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BILOXI, MS (WLOX) - Members of the 81st Medical Group at Keesler are back home after a humanitarian mission to earthquake torn Chile.
They spent the past three weeks in Chile as part of an 82 person Air Force medical support team.
Forty-six men and women from Keesler took part in the humanitarian effort. They were part of a team that constructed a fully functional field hospital in just over three days.
The medical mission was in Angol, Chile, about 100 miles from the epicenter of the deadly earthquake.
"How's everybody doing this morning? Welcome back," said the briefing organizer, as members of the 81st medical group completed the required paperwork following their overseas mission.
The members of the 81st Medical Group just returned home after spending the past three weeks in Chile.
Their mission included constructing a tent-city hospital on a polo field to temporarily replace a Chilean medical center badly damaged in the quake.
"It was awesome. It was great. And we worked very hard," said Joel Shepherd. "The team worked very hard, but it was good work. We enjoyed getting our hands dirty. I enjoy setting up the E-MEDS. Putting those tents together was a lot of fun and putting all the equipment together."
Once constructed, the Air Force team helped provide medical care; everything from ER visits to various surgeries.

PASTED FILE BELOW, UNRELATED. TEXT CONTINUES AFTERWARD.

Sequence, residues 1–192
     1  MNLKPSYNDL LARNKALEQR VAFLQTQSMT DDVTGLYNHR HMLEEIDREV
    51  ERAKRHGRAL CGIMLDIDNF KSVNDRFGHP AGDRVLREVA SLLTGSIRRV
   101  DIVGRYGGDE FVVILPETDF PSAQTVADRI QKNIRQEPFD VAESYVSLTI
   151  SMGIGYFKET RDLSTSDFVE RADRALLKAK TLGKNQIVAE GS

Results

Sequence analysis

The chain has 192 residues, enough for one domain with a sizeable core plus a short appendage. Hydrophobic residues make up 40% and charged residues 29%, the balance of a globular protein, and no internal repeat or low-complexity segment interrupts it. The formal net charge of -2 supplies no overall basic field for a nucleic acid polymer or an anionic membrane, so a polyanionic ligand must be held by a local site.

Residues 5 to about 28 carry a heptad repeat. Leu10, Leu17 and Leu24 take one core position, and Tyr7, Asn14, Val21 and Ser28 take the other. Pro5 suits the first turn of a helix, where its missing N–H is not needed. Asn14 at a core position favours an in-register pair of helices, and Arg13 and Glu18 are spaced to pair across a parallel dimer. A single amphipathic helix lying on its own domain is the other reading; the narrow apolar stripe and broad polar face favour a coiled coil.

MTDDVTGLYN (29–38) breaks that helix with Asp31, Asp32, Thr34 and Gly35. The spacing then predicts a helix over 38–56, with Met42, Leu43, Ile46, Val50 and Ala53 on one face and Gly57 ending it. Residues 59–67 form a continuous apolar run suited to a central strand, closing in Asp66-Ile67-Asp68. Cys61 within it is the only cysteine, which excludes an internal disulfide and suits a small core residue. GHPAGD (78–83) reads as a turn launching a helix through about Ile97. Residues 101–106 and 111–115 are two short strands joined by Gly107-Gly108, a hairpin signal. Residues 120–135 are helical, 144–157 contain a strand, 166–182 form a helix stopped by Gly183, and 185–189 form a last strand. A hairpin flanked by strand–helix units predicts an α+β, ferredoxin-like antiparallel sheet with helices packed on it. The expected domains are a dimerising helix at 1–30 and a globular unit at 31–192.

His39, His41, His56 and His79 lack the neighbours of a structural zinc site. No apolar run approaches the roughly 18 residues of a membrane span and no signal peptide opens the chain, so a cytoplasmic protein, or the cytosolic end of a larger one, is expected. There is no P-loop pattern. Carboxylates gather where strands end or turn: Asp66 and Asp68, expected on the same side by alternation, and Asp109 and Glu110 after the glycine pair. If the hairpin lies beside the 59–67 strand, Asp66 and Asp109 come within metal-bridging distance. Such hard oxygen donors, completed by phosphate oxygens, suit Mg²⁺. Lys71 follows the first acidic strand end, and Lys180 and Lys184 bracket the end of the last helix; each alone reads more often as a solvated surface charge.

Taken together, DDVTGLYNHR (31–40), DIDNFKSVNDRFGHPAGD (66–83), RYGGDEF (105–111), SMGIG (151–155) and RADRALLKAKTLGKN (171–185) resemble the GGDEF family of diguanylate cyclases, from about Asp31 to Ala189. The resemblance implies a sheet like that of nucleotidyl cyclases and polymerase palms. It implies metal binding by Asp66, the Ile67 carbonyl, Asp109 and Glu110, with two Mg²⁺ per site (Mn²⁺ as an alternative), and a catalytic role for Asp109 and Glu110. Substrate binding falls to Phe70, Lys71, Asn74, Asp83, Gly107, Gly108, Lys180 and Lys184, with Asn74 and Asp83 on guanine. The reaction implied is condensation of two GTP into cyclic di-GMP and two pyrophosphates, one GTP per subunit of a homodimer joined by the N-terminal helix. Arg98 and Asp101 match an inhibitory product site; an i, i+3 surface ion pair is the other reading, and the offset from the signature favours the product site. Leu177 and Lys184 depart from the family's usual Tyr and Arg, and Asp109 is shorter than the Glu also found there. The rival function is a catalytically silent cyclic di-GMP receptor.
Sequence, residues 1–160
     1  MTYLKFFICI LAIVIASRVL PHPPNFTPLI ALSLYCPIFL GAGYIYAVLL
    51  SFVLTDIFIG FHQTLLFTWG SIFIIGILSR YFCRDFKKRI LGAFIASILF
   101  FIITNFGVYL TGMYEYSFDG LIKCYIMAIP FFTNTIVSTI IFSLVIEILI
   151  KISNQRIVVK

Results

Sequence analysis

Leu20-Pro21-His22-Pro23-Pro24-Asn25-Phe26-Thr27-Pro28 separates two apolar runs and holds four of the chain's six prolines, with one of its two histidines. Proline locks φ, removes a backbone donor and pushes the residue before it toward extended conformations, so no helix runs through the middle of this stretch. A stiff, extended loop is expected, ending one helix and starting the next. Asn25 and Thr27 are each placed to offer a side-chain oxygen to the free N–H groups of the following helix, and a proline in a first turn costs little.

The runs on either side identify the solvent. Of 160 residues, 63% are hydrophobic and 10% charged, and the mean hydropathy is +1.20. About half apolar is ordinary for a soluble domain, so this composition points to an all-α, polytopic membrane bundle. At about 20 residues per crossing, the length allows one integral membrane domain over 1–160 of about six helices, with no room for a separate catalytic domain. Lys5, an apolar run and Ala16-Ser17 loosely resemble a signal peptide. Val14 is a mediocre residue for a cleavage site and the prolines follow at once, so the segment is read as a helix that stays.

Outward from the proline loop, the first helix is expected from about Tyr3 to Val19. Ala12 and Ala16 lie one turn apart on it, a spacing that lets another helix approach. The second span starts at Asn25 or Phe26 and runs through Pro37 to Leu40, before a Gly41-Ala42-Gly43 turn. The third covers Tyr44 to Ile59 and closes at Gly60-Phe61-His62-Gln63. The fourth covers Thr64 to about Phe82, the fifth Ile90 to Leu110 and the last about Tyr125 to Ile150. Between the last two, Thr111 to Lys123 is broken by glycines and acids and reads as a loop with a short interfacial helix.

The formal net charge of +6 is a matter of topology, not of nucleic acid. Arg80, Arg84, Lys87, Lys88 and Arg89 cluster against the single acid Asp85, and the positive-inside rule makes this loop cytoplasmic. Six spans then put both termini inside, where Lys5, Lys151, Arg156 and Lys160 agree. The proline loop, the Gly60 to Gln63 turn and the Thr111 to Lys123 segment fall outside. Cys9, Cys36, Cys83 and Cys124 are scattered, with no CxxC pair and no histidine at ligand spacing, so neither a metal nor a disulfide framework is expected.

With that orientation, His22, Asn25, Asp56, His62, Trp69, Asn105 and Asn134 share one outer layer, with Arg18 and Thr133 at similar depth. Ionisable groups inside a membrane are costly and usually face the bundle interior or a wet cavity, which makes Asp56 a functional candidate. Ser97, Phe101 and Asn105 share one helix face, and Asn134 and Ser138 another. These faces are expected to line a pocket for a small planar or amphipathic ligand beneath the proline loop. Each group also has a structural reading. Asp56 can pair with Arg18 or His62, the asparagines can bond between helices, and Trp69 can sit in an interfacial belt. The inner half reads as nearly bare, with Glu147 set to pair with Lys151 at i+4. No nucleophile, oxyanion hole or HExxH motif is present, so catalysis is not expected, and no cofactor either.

"There were at least 15 orthopedic surgeries, about the same number of general surgeries and gynecologic surgeries. And the ENT doc came down and also did some surgery," said Dr. Yekaterina Karpitskaya.
She is an orthopedic surgeon who worked side by side with Chilean doctors.
"It was a great experience. It was very, I'm honored to be able to do this and provide care to people in need and kind of see how they do things over there. And I actually learned things from the ortho surgeon on their side that I got to work with," said the doctor.
Members of the medical team say the graciousness and gratitude of the Chilean people was overwhelming.
"Every morning, the way they greet you is with a two handed hand shake and a kiss on the cheek. Thank you for coming. Even though the language barrier was there, you could still understand what they were trying to say to us. Thank you was around every corner and on every face. and they always talked about things from the heart," said Mary Peterson, who works as a nurse.
She said her first deployment was a memorable one.
"It is something very near and dear to my heart. I have done mission trips in the past. And to be able to do this with the Air Force and be able to represent the United States, it's amazing. Absolutely amazing. Makes me feel very proud," said Peterson.
The temporary hospital will be used for the next two to three years, while the Angol hospital is being rebuilt.
Since the field hospital opened on March 13, Chilean and Air Force medics treated more than 300 patients and performed about 40 surgeries.
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